More signs of the benefits of marriage?

There's new evidence about the benefits of marriage. Women who are married suffer less partner abuse, substance abuse or post-partum depression around the time of pregnancy than women who are cohabitating or do not have a partner, a new study has found.

who lived with their partners for less than two years were more likely to experience at least one of the three problems. However, these problems became less frequent the longer the couple lived together.

The problems were most common among women who were separated or divorced, especially if the couple parted less than 12 months before their child was born.

Dr. Marcelo Urquia, an at the Centre for Research on Health at St. Michael's Hospital, said that as more children are being born to unmarried parents, he wanted to delve deeper into the risks and benefits of not just single vs. cohabitating parents but the various kinds of relationships.

The results of his study were published today in the .

"What is new in this study is that for the first time we looked at the duration of unmarried cohabitation and found the shorter the cohabitation, the more likely women were to suffer intimate-partner violence, substance abuse or post-partum depression around the time of conception, pregnancy and delivery," Dr. Urquia said. "We did not see that pattern among married women, who experienced less psychosocial problems regardless of the length of time they lived together with their spouses."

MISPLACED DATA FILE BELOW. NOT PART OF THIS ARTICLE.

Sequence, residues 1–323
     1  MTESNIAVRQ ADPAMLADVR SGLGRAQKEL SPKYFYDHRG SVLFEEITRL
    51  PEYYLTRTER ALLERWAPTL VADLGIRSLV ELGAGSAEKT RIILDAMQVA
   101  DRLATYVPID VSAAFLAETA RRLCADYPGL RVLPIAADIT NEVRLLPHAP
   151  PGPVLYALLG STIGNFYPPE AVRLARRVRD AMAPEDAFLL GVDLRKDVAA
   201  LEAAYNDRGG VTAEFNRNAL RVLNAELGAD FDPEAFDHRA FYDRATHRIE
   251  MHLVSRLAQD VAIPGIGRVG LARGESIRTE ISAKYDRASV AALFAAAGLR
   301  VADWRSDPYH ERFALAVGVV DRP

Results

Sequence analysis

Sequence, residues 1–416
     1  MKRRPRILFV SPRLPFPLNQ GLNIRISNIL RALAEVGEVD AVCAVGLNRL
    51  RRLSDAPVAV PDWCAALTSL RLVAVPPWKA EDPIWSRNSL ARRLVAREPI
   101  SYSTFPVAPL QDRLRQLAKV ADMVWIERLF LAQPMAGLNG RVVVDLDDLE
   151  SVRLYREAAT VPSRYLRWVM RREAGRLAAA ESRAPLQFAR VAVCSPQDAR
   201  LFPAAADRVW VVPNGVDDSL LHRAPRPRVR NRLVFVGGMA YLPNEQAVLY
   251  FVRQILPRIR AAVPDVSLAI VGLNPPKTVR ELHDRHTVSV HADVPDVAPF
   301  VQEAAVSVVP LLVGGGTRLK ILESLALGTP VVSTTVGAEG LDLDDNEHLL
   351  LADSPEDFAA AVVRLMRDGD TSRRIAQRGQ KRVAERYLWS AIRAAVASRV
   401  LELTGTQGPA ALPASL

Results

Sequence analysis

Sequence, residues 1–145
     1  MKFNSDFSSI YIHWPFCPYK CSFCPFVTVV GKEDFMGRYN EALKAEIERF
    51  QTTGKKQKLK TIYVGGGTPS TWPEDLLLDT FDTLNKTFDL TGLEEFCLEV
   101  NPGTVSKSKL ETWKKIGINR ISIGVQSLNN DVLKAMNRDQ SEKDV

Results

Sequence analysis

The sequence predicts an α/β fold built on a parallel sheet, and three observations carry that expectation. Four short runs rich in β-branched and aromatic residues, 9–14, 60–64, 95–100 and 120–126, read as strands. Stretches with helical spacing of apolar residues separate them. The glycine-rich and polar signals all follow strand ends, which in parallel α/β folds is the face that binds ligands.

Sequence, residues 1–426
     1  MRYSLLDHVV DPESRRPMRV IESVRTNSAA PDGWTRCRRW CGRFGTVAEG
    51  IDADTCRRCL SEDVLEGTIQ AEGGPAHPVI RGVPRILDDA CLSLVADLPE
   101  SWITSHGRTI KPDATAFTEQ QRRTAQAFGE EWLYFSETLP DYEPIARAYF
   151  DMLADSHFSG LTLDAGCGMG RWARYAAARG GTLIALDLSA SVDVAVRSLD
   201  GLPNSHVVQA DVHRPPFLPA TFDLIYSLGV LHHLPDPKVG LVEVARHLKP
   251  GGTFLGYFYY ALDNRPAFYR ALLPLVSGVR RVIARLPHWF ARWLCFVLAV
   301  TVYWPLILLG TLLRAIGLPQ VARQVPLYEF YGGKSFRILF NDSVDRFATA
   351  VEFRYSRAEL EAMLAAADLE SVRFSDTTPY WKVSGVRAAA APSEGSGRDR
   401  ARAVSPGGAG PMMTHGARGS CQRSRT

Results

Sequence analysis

Dr. Urquia said knowing the differences between married and cohabitating partners was important as the number of children born outside marriages rises. Thirty per cent of children in Canada are born to , up from 9 per cent in 1971. In several European countries, births out of wedlock outnumber those to .

Dr. Urquia found about one in 10 (10.6 per cent) suffered partner or substance abuse or post-partum depression in his study of data from the 2006-07 Canadian Maternity Experiences Survey, a nationwide sample of 6,421 childbearing women compiled by the Public Health Agency of Canada.

He found 20 per cent of women who were cohabitating but not married suffered from at least one of those three psycho-social conditions. The figure rose to 35 per cent for single women who had never married and to 67 per cent for those who separated or divorced in the year before birth.

Dr. Urquia said it was unclear whether problems such as partner or substance abuse were the cause or result of separations.

add to favorites email to friend print save as pdf

Related Stories

'Never married' men still more likely to die from cancer

Oct 14, 2011

It is known that the unmarried are in general more likely to die than their married counterparts and there is some indication that the divide is in fact getting worse. New research published in BioMed Central's open access ...

Recommended for you

The hunt for botanicals

Dec 19, 2014

Herbal medicine can be a double-edged sword and should be more rigorously investigated for both its beneficial and harmful effects, say researchers writing in a special supplement of Science.

Mozambique decriminalises abortion to stem maternal deaths

Dec 19, 2014

Mozambique has passed a law permitting women to terminate unwanted pregnancies under specified conditions, a move hailed by activists in a country where clandestine abortions account for a large number of maternal deaths.

User comments

Please sign in to add a comment. Registration is free, and takes less than a minute. Read more

Click here to reset your password.
Sign in to get notified via email when new comments are made.